Plant Palette

Plant Palette

Resurrection Fern

Photo of Jennifer Schultz Nelson

Jennifer Schultz Nelson
Extension Educator, Horticulture

Looking out at three foot high snow drifts against my house this week, I was at a loss to come up with a topic for my column. For me, snowstorms after January are an unnecessary delay of Spring. The white wasteland in my backyard makes me wonder if life really is lurking in the ground, waiting for the weather to break.

It occurred to me that one of the plants I have is a great demonstration of how life can bounce back despite appearances that suggest otherwise. A friend of mine had one years ago, and it was so fascinating that when I saw one for sale last year, it just had to come home with me.

The plant that caught my interest was the resurrection fern, Pleopeltis polypodioides. It doesn't look like much, just a little cluster of brown, dead looking leaves. But place it in a shallow dish of water, and overnight, like magic, the leaves unfurl, and become green. Take it out of the water, and as it dries it reverts to the dead looking tuft of leaves again.

The resurrection fern is native to parts of Africa and the Americas. It is a true marvel of the plant world, not just a novelty item as it is often sold as.

Most plants can only tolerate about a 10% loss of water from their cells before the plant dies. In human terms, we can lose only about 20% of our body's water before death occurs. The resurrection fern has evolved to be able to tolerate losing up to 97% of its water and somehow manages to remain alive. During a "typical" dry period, it will lose around 75% of its water, which is still a phenomenal feat no matter who you are.

Some experts have estimated that the resurrection fern can exist in it's nearly completely dry state for at least 100 years. Researchers speculate that the resurrection fern's ability to tolerate such incredible levels of dehydration gives them an evolutionary advantage, because they will be able to survive an extended drought period long after their neighbors have succumbed to the lack of water.

Resurrection ferns are true ferns. They reproduce via spores rather than seeds. The spores develop in structures called sporangia on the underside of the leaves arranged in clusters called sori. The sori on the resurrection fern look like round depressed areas, and at maturity are typically dark in color.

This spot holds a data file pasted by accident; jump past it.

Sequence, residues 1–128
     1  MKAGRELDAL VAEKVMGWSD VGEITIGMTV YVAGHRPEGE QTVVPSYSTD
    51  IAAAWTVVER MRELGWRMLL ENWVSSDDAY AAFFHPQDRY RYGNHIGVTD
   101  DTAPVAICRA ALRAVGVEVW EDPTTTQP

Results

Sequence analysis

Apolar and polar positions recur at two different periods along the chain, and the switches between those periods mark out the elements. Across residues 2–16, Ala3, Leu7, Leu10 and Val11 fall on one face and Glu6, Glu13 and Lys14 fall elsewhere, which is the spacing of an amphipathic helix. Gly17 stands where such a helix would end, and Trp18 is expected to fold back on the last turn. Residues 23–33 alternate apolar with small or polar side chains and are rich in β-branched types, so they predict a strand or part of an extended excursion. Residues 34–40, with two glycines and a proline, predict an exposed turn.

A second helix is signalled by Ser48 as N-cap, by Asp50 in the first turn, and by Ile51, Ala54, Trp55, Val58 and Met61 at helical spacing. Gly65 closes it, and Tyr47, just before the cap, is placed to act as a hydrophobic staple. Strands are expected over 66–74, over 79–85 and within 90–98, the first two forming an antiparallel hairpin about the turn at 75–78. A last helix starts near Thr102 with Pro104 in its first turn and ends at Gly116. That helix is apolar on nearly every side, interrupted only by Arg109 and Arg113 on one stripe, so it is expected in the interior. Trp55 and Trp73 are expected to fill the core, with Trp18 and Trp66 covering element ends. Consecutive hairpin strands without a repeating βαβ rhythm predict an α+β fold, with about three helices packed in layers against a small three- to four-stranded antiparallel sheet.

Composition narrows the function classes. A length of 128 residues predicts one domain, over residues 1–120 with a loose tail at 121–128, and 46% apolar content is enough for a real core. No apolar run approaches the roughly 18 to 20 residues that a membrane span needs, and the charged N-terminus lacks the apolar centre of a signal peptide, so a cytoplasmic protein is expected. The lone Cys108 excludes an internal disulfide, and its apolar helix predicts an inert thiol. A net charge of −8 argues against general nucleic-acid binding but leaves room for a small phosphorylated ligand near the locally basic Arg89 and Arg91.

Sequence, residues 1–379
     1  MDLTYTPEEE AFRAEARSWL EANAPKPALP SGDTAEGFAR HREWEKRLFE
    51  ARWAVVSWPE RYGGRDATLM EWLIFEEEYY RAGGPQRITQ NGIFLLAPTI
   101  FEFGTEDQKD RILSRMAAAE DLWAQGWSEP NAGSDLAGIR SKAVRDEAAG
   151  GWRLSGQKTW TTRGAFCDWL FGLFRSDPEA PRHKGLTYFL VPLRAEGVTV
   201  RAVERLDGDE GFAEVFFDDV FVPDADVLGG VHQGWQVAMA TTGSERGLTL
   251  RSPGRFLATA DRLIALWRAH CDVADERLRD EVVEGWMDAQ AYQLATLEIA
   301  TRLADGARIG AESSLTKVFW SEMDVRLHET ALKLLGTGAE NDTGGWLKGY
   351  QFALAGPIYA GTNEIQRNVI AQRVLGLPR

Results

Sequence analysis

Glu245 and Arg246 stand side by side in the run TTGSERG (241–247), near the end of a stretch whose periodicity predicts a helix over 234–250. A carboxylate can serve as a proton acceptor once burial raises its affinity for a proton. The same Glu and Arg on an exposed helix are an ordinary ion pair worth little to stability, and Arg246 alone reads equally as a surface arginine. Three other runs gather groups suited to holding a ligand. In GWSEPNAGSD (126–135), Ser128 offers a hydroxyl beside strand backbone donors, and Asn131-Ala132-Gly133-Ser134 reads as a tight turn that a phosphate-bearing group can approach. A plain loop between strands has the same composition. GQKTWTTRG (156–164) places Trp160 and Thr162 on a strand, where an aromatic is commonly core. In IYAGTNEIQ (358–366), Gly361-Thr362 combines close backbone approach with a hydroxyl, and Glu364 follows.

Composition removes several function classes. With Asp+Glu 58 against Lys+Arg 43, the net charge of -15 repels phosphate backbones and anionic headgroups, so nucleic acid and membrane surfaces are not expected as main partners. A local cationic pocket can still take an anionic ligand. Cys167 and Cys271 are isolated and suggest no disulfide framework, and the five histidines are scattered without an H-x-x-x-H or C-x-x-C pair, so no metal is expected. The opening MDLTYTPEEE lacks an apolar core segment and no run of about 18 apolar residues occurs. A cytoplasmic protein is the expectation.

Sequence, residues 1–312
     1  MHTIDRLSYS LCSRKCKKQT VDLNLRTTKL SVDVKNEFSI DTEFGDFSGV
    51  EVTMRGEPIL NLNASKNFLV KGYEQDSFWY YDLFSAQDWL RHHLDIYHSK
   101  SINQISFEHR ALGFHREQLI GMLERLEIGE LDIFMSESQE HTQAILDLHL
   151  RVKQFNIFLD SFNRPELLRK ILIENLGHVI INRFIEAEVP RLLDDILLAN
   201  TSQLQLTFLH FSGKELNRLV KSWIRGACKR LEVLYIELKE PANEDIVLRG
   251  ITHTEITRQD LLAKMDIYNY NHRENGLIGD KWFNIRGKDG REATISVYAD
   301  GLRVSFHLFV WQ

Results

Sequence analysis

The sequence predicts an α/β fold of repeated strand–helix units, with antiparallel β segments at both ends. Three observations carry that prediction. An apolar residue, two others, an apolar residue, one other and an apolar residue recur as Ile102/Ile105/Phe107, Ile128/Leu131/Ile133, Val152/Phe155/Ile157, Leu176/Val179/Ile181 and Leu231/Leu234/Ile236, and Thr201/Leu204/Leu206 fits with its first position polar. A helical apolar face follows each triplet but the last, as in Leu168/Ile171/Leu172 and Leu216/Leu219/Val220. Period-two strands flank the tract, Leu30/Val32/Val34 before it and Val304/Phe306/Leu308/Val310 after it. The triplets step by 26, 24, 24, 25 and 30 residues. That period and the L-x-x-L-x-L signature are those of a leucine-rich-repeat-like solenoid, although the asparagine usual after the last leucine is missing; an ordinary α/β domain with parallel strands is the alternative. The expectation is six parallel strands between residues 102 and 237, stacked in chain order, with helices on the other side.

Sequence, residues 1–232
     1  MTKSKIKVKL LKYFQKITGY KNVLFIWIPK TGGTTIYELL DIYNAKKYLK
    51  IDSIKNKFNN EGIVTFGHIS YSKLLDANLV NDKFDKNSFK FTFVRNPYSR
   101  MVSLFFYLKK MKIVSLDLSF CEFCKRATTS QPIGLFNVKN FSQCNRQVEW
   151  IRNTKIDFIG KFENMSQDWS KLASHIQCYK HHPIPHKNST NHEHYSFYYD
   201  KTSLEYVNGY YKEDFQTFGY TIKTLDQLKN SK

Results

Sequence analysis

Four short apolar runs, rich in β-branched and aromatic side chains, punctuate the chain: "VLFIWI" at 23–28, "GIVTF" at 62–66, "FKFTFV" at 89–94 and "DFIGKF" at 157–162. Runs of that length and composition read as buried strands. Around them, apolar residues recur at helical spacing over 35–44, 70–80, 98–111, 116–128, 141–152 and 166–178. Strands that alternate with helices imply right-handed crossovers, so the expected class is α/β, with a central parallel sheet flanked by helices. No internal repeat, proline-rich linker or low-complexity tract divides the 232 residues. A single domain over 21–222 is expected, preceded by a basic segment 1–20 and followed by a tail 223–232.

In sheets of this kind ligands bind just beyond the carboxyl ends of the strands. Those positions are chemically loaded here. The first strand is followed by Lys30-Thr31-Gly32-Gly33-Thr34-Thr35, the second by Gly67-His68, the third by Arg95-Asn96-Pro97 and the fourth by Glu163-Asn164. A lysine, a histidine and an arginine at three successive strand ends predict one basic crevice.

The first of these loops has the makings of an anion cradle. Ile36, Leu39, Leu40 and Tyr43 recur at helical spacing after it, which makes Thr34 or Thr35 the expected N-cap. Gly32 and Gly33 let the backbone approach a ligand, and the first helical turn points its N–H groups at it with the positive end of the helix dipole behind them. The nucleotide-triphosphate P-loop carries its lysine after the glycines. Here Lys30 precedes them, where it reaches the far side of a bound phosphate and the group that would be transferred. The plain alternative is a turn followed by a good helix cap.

Unlike most other ferns, resurrection ferns are epiphytic, meaning they attach to another living species and collect water and nutrients that collect on the surface where they are attached. Another common name for this type of plant is "air plant".

They are in no way stealing nutrients from their host plants. Like other epiphytes such as Spanish moss and some orchids, the host plant is only a point of attachment, and gives the epiphyte a better position for absorbing water and nutrients from the environment.

The host plant of choice for resurrection ferns is living trees. They use a creeping rhizome to attach themselves, and often occur in great numbers in nature.

I wrongly assumed that resurrection ferns were native only to tropical climates. On the contrary, the subspecies that naturally occurs in North America, michauxiana, also called Weatherby, lives not only in Florida and west to Texas, but also can be found as far north as New York. The USDA lists this subspecies as being found in the southernmost counties of Illinois.

Resurrection fern's ability to withstand extended periods without water may have an interesting application in modern life, specifically space travel.

One limitation to doing biological experiments in space is that specimens need to survive being loaded for a flight and held in less than optimum conditions for extended periods of time before liftoff. As part of ongoing research on biological experiment systems in space, middle school students in South Carolina nominated the Resurrection Fern as a hardy candidate for space travel.

Students at the Medical University of South Carolina designed an experiment measuring chlorophyll fluorescence (the green pigment in plants responsible for photosynthesis) to assess how resurrection ferns revived in space. In 1997, resurrection ferns earned the title of "first fern in space" on the Space Shuttle Discovery.

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